By Paul R. La Monica, CNN Business

Any parent knows that one of the worst things to do when a screaming child is throwing a temper tantrum is to give in and let the kid have exactly what they want -- especially in public.

But some market experts fear that's exactly what the Federal Reserve is about to do, because both stock and bond investors have been having a fit in recent weeks, demanding interest rate cuts.

Why? Because we've been here before.

Michael Arone, chief investment strategist with State Street Global Advisors, just wrote a report about this situation with the headline "Spoiled Rotten!" The report included headers such as "I, Me, Mine," "All I Ever Wanted" and "More, More, MORE!"

"Every time there is a threat of the cycle coming to an end, central bank policy makers step in and soothe things. It's been like this for a while," Arone said in an interview with CNN Business.

Friday's disappointing jobs numbers raised more worries about a looming economic slowdown. But the market rallied because it also cemented expectations of a rate cut -- possibly as soon as next month.

Too soon for the Fed to hit the panic button?

Yet some think it's premature for the Fed to cave to the whims of the market (not to mention President Trump) by lowering rates immediately.

Consumer spending has held up relatively well. The stock market is not far from record highs. And the unemployment rate is still at its lowest level in half a century. With that in mind, it might behoove the Fed to remain patient instead of rushing to cut rates.

That's especially true since some point out that any recent weakness in the economy and stock market might have more to do with a somewhat manufactured crisis, namely the U.S. trade tension with China.

"Will the Fed follow through and give investors what they want? It's a little early to throw in the towel and expect them to ease," said Tony Bedikian, managing director and head of global markets for Citizens Bank. "Barring major escalations in the trade dispute, the economy seems okay."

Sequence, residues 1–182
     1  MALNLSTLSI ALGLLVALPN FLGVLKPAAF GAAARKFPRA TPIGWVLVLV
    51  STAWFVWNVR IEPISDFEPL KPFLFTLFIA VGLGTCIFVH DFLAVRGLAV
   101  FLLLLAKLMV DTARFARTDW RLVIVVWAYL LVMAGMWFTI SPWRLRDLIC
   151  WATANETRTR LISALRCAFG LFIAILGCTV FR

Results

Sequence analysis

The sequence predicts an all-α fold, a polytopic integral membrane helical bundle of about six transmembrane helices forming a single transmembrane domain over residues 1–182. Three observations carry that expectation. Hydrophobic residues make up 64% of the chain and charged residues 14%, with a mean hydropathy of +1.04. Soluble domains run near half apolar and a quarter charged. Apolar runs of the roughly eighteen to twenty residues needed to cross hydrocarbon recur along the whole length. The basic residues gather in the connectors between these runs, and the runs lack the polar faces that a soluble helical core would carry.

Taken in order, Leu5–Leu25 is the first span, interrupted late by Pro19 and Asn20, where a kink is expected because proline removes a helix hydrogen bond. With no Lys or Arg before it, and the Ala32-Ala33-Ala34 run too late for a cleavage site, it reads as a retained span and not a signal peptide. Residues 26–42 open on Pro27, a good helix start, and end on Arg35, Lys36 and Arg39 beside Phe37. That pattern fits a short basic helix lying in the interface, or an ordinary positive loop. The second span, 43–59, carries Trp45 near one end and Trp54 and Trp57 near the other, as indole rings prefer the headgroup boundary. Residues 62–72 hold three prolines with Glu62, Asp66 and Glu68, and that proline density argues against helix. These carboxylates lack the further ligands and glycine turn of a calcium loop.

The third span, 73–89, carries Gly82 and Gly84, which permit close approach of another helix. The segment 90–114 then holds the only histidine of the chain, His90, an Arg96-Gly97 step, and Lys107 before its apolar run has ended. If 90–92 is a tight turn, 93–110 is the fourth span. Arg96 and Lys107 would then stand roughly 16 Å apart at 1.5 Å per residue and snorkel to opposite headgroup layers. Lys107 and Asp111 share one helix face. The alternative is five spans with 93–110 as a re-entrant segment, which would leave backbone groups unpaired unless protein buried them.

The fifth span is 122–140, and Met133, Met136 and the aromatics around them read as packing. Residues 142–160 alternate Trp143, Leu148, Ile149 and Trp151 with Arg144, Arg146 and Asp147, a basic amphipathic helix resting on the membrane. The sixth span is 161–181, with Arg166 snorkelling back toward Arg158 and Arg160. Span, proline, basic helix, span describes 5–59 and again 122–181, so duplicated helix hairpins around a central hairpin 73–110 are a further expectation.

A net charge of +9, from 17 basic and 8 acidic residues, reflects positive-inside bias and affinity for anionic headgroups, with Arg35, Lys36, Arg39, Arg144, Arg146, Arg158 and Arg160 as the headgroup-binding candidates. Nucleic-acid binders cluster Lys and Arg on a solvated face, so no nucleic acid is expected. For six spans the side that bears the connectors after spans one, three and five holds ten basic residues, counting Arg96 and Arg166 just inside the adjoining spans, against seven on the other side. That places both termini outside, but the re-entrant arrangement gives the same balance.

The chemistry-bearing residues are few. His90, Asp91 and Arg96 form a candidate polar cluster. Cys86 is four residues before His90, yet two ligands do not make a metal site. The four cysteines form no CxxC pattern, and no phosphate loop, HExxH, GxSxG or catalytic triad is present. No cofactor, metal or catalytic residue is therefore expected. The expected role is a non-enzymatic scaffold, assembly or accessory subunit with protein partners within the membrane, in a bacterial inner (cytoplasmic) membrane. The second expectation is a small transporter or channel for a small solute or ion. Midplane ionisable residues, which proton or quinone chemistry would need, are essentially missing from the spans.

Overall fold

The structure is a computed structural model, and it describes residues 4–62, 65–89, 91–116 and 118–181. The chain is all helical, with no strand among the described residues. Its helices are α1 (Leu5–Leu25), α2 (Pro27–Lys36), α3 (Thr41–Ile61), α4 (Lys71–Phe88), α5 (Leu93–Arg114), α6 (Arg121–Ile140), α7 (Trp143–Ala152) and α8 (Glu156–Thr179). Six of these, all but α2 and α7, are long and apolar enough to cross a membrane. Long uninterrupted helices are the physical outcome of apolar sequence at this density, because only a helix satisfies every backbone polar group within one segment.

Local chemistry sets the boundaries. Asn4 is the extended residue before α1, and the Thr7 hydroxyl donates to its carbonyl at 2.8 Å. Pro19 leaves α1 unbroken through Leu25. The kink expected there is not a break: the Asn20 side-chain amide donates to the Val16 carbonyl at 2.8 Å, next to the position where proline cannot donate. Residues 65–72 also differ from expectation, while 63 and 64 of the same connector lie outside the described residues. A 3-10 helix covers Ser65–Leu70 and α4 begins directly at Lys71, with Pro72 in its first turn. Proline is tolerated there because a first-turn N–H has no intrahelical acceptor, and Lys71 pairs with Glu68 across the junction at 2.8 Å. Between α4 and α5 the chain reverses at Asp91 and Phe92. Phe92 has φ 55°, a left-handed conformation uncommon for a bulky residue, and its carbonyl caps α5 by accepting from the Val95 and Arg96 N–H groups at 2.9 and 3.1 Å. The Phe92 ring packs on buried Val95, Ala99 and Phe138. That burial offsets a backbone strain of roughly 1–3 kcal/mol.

Deepak Puri, chief investment officer of the Americas for Deutsche Bank Wealth Management, agrees the Fed should not be rushing to slash interest rates. After all, short-term rates are already low to begin with -- at a range of 2.25% to 2.5%.

Fed running out of ammunition if there's a real economic crisis

That could turn out to be a negative surprise for the market.

"I would not be surprised if the Fed wants to see more evidence of a slowdown before they cut," Puri said. "The Fed may stay on hold for the next 12 months and investors may get disappointed by the Fed's inability to cut rates immediately."

Still, Arone worries that the Fed will cave to Wall Street's demands once again, and the cycle of low rates boosting stocks will continue. But that could potentially set up the market for an even bigger downturn at some point.

With rates already low, the Fed doesn't have the ammunition to step in and lift the economy if there is a true crisis.

The Fed's easy money policies have already been one factor that's helped marginal "zombie" companies take on more debt without suffering any consequences, Arone noted

He added that more than 30% of the companies in the Russell 2000, an index of smaller companies that have particularly big exposure to the US economy, are unprofitable.

Hold your nose and buy?

"Investors have purchased stocks while having this unsettling feeling," Arone said. "They are holding their nose and recognizing it's a challenge. Something is amiss here. This may be the least loved bull market, but investors have no other choices."

Ed Campbell, managing director and portfolio manager at QMA, is nervous about this as well.

"It's still a bad news is good news phase for the stock market, but that logic could flip quickly," Campbell said. "It's not surprising that hopes of a rate cut are used as a reason to buy. But that can only take the market so far. It should be a rough, volatile summer."

Arone is even more blunt. He thinks it's time for the Fed to put its foot down.

"The longer this coddling goes on, the more worried I get," Arone said. "This is like the turkey that's getting fed all the way up until Thanksgiving morning. It thinks it's great until its head is chopped off."